The COVID-19 crisis is substantially affecting lives in all aspects across the globe. In the months following the pandemic, people will experience significant changes socially, in matters of public health, and financially. A high degree of interest lies in the impacts of the crisis on the economy and labor markets.
Millions of workers the world over have been directly affected by the lockdown. While some may continue working through remote arrangements, others may not be so lucky.
A sizable part of the population will see a reduction or complete loss of their livelihood. In the beginning, towards the end of March 2020, more than 3 million people had filed unemployment claims.
Artificial intelligence, technology, and robotics are also displacing millions of workers. With fewer jobs becoming available, the uncertainty is now how to find a job after the COVID-19 crisis.
Most people who lose their jobs during this crisis will try to get back into the job market afterward. Competition for the few available positions will be stiff, and only the well-prepared candidates will make it. How can you improve your chances of getting employed after the pandemic is over?
As companies are letting go of employees, think about how you can become relevant to them. Your goal should be short-term by being useful to those companies for the next 30, 60, or 90 days. Your intelligence, connections, and resourcefulness are now needed in unprecedented ways.
This is the time to explore different jobs that you may not have considered in the past. A good place to start is to inventory your ace skills. Next, search for opportunities where you can leverage them in various capacities. If you’re a photographer, filmmaker or content creator you can still easily find a job in your field, but Payhip explains how to earn money selling presets as an extra income.
Consider leveraging your skills virtually, especially in those sectors that are hiring to meet the growing demands. You’ll secure an interim position that’ll make you more marketable when the crisis is over.
Expand and Nurture Your Network
This is the time to make good use of your social networks. LinkedIn, for example, has currently got more than 660 million users. Each connection you make could potentially introduce you to 400 new people, some of them being potential employers.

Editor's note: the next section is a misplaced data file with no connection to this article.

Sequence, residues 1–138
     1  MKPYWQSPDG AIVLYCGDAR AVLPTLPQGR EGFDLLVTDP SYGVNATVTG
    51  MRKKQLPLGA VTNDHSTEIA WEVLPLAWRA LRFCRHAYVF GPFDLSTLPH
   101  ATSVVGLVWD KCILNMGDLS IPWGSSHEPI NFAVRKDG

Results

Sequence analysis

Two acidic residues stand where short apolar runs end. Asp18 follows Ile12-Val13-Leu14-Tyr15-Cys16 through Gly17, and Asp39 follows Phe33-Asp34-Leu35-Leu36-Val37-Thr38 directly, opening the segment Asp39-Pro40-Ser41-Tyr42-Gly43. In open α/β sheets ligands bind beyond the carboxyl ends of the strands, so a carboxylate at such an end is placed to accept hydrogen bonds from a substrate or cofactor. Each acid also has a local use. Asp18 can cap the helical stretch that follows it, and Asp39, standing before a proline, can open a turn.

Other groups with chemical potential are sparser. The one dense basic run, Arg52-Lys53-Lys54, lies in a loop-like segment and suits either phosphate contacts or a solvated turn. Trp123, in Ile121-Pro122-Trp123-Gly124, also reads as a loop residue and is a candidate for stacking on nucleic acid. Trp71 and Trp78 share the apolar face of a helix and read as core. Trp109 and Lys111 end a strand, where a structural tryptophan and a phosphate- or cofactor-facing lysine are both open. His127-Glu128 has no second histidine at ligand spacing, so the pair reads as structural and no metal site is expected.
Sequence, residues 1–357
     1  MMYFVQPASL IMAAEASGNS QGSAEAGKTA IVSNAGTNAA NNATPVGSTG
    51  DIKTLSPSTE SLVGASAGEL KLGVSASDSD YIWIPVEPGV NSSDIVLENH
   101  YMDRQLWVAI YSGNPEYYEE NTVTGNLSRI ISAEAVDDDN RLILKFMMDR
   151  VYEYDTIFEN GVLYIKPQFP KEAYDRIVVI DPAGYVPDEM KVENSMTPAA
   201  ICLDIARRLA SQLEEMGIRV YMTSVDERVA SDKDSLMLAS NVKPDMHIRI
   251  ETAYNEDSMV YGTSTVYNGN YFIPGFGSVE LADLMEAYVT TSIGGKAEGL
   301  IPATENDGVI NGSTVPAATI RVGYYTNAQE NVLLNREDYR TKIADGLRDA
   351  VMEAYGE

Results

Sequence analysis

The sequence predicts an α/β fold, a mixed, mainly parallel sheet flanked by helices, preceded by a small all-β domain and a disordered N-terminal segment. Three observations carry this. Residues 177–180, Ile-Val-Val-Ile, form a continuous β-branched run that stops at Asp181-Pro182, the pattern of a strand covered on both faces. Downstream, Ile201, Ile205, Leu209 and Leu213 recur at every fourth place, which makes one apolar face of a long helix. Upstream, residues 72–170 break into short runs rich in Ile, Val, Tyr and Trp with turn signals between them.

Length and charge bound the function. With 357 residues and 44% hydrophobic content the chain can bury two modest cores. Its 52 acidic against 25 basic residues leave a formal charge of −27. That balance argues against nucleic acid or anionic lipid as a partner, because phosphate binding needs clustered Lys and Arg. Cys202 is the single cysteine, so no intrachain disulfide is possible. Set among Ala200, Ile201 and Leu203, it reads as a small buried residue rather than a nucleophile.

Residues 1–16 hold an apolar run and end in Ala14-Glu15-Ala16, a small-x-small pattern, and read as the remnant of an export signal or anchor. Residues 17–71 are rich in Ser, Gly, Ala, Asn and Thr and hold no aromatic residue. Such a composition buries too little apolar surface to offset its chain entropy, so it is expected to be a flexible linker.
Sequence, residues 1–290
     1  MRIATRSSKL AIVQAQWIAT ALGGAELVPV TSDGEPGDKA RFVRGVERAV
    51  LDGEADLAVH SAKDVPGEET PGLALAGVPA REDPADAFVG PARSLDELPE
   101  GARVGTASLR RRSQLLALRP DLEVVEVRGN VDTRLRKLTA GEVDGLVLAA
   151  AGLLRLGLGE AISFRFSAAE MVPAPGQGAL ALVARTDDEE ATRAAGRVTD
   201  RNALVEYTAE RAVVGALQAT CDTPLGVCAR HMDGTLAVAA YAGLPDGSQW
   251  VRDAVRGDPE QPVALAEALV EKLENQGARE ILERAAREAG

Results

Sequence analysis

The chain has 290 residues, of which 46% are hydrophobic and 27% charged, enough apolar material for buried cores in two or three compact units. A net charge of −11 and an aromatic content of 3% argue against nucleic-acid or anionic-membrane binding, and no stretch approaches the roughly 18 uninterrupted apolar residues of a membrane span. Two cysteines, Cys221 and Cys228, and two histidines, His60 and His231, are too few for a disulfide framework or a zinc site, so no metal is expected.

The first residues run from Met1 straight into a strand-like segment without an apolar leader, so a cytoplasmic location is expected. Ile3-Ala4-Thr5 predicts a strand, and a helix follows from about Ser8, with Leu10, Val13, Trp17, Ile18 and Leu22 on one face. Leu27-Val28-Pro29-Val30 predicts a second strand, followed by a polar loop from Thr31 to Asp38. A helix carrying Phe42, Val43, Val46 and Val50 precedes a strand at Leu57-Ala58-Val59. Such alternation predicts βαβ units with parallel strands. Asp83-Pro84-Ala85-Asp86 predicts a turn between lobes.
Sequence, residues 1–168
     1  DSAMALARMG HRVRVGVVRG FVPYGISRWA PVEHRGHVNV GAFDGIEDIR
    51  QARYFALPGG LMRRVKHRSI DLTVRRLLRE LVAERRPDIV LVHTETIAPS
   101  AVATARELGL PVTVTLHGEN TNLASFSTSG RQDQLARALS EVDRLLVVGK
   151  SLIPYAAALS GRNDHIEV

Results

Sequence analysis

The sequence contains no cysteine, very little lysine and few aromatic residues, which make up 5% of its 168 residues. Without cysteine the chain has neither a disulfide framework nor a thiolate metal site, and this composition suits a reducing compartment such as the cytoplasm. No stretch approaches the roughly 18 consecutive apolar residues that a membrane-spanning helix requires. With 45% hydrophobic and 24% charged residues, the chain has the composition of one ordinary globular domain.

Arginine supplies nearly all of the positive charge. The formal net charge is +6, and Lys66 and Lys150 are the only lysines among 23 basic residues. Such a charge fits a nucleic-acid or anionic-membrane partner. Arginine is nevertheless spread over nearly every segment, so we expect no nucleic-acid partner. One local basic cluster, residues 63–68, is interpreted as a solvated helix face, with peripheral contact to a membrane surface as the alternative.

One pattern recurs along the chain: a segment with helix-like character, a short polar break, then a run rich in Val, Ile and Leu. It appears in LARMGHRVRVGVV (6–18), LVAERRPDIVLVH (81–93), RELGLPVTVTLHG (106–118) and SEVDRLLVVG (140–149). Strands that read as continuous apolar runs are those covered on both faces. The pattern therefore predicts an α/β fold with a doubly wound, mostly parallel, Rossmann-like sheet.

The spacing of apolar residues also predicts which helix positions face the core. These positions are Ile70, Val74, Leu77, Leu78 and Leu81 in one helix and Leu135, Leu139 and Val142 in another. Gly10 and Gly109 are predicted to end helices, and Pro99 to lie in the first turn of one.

On these networks, ensure your profile is complete and up to date. Start connecting with professionals in your career line and reestablish relationships with previous colleagues. Your social acquaintances may also open up opportunities you may not have heard about elsewhere.
You’ll realize that companies are updating their measures to handling business during the pandemic. Some have created work-from-home policies, and others are hosting virtual interviews.
If you find some that are in line with your expectations, personalize your application to demonstrate your working knowledge. You should also showcase your skills and reveal that you’re a fit into the company’s culture and how you can meet the company’s needs.
This will set you apart from the competition and make you suitable for hiring even during the crisis. Some of these jobs will be long-term, extending far into the future after the situation has passed. Videoconferencing is an excellent way to nurture and maintain relationships at this time, both personal and professional.
As COVID-19 continues to become “the new normal”, causing untold uncertainty, it’s very easy to get caught up in the stress. The job market is suffering, but this doesn’t mean that all hope is lost. You need to focus on personal growth and development to enhance your chances of getting hired.
Evaluate your skills and qualifications and explore job opportunities you never considered before. Keep your mind open for short-term gigs as these could become permanent jobs after this dark cloud has passed. Maintain professional and social connections and be on the lookout for opportunities that come calling.